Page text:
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‘We need the literature of other countries to expand our
horizons and stimulate our ideas. Without it, we are not only
diminished, we are starved’
(The Times, Magnus Linklater 29/06/05)
An Unusual Princess
by Wu Meizhen
Age Range: 9-11
Sissy is nicknamed ‘Princess’ by her doting father, Professor Jiang; she has a ‘princess’ lifestyle, living in a big apartment with her own beautiful room, gorgeous ‘princess’ dresses to wear and attends a private school. Not only that, she has a very special talking teddy bear called Yomi.
When tragedy strikes and her father and mother are killed in a car accident, Sissy’s life changes dramatically as she has to go and live with her father’s cruel first wife, Mrs Tong. Now Sissy is reduced to living in a small, poky room and being the live-in servant, working from dawn to dusk serving her new family. Sissy’s only companion is Yomi and she wonders if she will ever find a home where she can be truly happy again.
Chinese author Wu Meizhen has cleverly woven a modern story with a fairy-tale element. Sissy’s favourite story is Snow White but the parallel of her life can be drawn with another classic fairy story Cinderella; Mrs Tong being seen as the wicked step-mother and Sissy as Cinderella. Sissy sometimes dreams about Snow White and the Seven Dwarfs and characters she meets become modern-day dwarfs; the school gardener becomes known as ‘Good-Looking’ and his brother, ‘Smartypants’.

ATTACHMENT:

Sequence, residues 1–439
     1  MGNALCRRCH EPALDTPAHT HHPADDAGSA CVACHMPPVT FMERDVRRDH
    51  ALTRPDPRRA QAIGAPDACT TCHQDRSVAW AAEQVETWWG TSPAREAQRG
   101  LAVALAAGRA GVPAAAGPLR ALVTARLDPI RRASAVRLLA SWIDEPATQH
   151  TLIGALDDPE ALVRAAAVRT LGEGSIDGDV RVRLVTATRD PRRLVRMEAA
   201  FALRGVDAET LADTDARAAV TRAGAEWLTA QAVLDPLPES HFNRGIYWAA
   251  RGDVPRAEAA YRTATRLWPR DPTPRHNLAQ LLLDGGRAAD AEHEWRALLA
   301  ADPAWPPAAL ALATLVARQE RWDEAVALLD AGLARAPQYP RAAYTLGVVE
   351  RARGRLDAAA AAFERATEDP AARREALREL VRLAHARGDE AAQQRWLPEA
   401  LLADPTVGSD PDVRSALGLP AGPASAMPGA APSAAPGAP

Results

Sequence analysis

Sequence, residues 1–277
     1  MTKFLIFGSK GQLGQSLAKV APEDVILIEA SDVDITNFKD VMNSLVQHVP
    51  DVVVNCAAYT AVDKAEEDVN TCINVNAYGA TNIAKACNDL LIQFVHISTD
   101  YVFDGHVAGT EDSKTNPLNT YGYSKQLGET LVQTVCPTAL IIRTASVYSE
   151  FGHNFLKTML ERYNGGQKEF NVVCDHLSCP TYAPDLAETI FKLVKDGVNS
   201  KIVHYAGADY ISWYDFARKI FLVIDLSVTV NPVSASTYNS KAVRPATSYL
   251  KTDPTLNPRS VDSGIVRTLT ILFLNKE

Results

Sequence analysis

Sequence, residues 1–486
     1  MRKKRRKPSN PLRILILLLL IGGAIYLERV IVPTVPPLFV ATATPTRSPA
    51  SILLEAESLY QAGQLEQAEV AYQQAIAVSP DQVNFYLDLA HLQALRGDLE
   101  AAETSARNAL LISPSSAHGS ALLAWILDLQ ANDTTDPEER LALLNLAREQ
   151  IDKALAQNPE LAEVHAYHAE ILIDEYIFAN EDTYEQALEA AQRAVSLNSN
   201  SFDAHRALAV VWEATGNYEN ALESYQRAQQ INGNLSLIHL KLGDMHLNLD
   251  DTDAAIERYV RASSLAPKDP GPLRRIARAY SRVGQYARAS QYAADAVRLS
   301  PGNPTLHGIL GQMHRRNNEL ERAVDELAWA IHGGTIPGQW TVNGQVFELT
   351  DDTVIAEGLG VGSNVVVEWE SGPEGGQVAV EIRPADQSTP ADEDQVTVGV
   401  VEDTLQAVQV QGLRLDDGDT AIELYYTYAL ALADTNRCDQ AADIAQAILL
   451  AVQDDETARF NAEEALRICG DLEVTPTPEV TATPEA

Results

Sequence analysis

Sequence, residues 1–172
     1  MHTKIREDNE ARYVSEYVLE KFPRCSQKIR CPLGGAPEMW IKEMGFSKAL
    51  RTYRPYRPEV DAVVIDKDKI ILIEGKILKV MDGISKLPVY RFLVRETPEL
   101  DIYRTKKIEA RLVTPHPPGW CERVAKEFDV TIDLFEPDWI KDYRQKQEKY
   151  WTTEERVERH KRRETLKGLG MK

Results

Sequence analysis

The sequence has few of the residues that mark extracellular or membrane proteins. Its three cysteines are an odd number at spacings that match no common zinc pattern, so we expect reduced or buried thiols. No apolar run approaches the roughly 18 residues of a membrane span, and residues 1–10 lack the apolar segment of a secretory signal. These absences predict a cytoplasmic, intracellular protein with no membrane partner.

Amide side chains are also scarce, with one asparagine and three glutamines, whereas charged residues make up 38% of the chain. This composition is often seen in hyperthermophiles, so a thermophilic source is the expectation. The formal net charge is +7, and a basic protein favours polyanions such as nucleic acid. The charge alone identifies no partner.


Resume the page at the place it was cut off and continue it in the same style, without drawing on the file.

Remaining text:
There is a cast of strong supporting characters too: from Sissy’s best friend Caitlin, their spiteful classmate Willow Yang, Bartholomew her half-brother, Owen, Caitlin’s cousin, Good-Looking, Smartypants and Little Charlie who all add colour to the story.
The book is divided into three parts with a contents page for each section. Meizhen manages to keep the suspense and mystery surrounding Sissy’s family until towards the end of part two but by part three it did feel like the story had lost a bit of the momentum. Although the reader doesn’t find out Sissy’s true parentage until almost the end of part three, the story is centred more on some of the peripheral characters so perhaps doesn’t hold the attention in quite the same way as it did during the first two parts.
It is quite difficult to know what age to pitch this book at too. The young protagonist goes from age six to nine throughout the course of the story. It has Yomi the talking bear as one of the central characters which will have appeal for the younger end of the 9-11 age groups. On the other hand, the book is 449 pages long which might be considered a challenge for this group, but the subject matter may put off an older reader.
Nevertheless, An Unusual Princess is an engaging tale and as one of the few children’s fiction books from China to be translated into English in recent years it does give an opportunity for children to experience Chinese literature. The translation by Petula Parris Huang is seamless and makes this an easy book to read.